Justice Project Pakistan (JPP) is a human-rights organization in Pakistan that provides free legal counsel to prisoners on death-row in Pakistan. It, along with other human rights groups, have been under attack from the Pakistani government for their efforts to represent Pakistan’s “most vulnerable citizens.” While JPP received good news from a high court that suspended a state government order canceling JPP’s registration, most human rights organization suffer from “hostile state measures” including difficult licensing, certificates, donor restrictions, and persecution. Religious liberty groups are just as vulnerable.
10/06/2017 Pakistan (UCA News) – A Pakistani high court has suspended a state government order to cancel the registration of a prominent human rights group which provides free legal aid to death-row prisoners.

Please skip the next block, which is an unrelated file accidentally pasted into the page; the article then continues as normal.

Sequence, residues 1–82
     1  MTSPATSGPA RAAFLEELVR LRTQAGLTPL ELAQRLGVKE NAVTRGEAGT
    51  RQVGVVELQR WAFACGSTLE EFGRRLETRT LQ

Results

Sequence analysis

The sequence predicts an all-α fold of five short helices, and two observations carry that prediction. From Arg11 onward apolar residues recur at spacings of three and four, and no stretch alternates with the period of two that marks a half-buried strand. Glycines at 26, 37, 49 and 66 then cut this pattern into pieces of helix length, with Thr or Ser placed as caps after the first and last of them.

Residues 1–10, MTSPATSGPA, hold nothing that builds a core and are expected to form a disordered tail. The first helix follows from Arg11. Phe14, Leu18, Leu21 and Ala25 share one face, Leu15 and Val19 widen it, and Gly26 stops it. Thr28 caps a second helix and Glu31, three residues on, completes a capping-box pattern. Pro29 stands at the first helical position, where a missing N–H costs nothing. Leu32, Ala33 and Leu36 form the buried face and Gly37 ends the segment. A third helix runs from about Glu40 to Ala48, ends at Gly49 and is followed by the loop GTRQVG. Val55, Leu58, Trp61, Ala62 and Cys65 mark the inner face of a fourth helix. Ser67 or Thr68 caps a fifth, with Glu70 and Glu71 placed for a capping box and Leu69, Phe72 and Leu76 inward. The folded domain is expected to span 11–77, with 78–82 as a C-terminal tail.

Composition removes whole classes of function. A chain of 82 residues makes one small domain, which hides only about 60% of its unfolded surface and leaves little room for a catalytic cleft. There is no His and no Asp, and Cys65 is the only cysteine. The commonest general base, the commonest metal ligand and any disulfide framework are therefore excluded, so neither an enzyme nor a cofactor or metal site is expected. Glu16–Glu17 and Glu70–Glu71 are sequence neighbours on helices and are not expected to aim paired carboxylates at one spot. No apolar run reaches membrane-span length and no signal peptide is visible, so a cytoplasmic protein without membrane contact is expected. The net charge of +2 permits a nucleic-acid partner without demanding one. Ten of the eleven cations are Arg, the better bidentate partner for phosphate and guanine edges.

Justice Project Pakistan (JPP), a non-profit legal rights organization, was de-registered by the Punjab government which said its activities were outside the scope of its memorandum.
Calling the government’s order unlawful, the JPP filed a petition in the Lahore High Court, saying the orders were passed in violation of its right to due process of natural justice.
On Oct. 3, Lahore High Court Chief Justice Syed Mansoor Ali Shah suspended the government’s order till the final disposal of the petition.
Pakistan lifted a six-year moratorium on the death penalty in December 2014 after the Taliban assaulted a military-run school in the north-western region. At least 150 people, mostly students and teachers, were killed in the terrorist attack.
The moratorium on the death penalty for all capital crimes was lifted in March 2015, leading to a dramatic rise in state executions.
According to data released by the JPP, 477 people have been executed in Pakistan since December 2014, with only 16 percent of the cases relating to terrorism.